Further, the symposia proved successful on the processual level. Nevertheless, the different working methods remained challenging until the end of the project and made necessary continuous dialogue. In our view, precisely such challenging situations as those arising from transnational cooperation call for respecting and remaining curious about other positions and for adopting a critical and reflexive distance to one’s own views. With the benefit of hindsight, we would create more opportunities for clarifying the different working methods and structural conditions framing the project. Whereas the continuous exchange of ideas inbetween the symposia, both in writing and over the telephone, proved necessary, such communication did not alone suffice to clarify questions on the content-, processual-, and organisational levels. Precisely in conflict situations, seeking face-to-face talks is a necessary means of resolving difficulties and may thus call for meetings outside the regular symposia.
On the organisational level, a successful cooperation process requires sufficient financial-, temporal-, and staff resources, in order to ensure that project members can devote themselves to their content-related tasks and to successfully designing the cooperation process. Finally, the assistance with cooperation organisation provided by the Swiss Agency for Development and Cooperation (SDC / DEZA), the Swiss Embassy in Moscow, and the Federal Service for the Execution of Penal Sentences (FSIN) in Moscow proved very helpful.
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Sigrid Schilling / Joel Gautschi / Cornelia Rüegger
University of Applied Sciences and Arts Northwestern Switzerland, School of Social Work
T. +41 62 957 21 35 / +41 62 957 20 54 / +41 62 957 21 31
Email: / /
Vologda Institute of Law and Economics,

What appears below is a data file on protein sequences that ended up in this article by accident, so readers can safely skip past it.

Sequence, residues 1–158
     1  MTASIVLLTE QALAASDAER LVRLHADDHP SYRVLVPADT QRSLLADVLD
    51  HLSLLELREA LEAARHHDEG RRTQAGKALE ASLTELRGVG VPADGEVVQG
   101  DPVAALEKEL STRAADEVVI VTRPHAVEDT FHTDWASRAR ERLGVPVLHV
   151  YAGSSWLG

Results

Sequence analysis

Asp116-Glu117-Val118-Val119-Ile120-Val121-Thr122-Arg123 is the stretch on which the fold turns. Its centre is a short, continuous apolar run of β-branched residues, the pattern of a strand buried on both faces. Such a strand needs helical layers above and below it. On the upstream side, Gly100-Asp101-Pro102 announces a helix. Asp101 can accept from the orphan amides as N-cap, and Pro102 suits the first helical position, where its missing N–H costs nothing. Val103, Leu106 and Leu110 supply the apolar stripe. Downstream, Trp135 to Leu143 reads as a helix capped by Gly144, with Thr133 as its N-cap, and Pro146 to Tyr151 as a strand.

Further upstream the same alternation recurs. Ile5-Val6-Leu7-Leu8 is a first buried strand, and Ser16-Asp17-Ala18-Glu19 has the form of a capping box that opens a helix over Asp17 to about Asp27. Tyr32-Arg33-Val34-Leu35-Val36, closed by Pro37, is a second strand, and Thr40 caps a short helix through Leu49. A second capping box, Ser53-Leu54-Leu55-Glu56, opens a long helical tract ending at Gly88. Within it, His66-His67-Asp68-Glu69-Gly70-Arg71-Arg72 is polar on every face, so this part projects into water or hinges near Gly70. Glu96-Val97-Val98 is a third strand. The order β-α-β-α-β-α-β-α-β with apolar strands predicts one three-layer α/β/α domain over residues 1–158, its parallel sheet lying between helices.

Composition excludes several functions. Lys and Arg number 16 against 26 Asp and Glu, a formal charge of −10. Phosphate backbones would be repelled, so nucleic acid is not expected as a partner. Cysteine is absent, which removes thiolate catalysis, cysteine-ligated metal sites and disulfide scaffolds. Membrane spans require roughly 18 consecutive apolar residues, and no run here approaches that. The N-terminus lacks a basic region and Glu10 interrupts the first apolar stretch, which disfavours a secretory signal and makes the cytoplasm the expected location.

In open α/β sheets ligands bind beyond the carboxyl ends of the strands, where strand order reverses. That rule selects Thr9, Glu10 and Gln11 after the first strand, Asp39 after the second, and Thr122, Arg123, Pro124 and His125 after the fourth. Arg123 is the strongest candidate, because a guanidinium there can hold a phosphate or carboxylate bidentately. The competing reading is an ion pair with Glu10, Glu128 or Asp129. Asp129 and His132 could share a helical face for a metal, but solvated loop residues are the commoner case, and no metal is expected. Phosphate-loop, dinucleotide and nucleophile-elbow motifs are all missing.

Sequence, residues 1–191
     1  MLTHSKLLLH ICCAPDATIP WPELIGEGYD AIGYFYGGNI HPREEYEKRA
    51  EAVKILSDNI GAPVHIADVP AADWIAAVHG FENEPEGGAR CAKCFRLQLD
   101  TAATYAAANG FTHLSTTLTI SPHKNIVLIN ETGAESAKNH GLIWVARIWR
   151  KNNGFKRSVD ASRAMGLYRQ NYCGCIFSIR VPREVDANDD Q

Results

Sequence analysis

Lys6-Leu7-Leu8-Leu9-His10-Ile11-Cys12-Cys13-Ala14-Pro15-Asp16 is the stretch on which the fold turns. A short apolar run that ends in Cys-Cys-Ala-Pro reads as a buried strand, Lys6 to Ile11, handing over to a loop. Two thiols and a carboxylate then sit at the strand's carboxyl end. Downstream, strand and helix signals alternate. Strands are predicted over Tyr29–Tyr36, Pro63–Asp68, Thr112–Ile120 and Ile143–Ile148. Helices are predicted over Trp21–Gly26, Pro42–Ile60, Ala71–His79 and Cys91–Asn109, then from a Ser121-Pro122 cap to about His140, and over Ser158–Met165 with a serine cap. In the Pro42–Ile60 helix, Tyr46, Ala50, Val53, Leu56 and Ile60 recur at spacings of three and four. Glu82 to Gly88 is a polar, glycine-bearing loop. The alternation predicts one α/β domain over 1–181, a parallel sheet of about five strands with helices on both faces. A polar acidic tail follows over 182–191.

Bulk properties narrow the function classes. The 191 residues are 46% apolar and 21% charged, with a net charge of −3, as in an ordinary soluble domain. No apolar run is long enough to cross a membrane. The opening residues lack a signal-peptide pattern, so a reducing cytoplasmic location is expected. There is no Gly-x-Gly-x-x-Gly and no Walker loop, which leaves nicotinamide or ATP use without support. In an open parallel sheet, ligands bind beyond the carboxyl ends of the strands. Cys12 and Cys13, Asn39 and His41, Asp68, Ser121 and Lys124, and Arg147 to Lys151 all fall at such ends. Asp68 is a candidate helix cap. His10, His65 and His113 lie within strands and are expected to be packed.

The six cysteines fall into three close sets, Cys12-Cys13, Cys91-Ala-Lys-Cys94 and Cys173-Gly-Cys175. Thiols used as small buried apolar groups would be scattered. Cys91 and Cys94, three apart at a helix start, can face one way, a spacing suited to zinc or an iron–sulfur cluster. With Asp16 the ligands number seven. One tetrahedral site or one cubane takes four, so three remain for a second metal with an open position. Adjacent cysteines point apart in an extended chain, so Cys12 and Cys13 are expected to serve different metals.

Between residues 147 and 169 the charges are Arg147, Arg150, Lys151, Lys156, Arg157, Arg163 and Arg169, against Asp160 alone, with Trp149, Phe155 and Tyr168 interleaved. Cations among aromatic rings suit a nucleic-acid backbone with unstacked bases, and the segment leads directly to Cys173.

Department of Social Work
ul. Schetinina 2
T. +7 (8172) 517248
The Academy of Law and Management, The management faculty
ul. Sennayastr. 1
T.+7 (4912) 938205
 Besides research assistants and lecturers from the FHNW School of Social Work, Swiss project members included social workers employed in the penal and probation systems as well as HSA FHNW BA and MA students. Russian project members included university lecturers and research assistants, and there was intensive contact with social workers employed in the penal system.
 Important ideas for the reflections presented in this section arose in discussions with Stefan Schnurr, to whom we are grateful for his critical questions and valuable suggestions.
 The universities are responsible for transferring the project results to their teaching and to local fields of practice (see Wilhelm 2009: 79), whereby mutual assistance in undertaking such dissemination is also possible.
 We are most grateful for the university cooperation assistance granted by Ambassadors Erwin H. Hofer, Walter Gyger and Pierre Helg, Project Officer Dorothea Kolde Korovine and First Secretary at the Swiss Embassy in Moscow, Léo Trembley, and to Nathalie Chuard, Human Security Division, Federal Department of Foreign Affairs (FDFA) in Bern.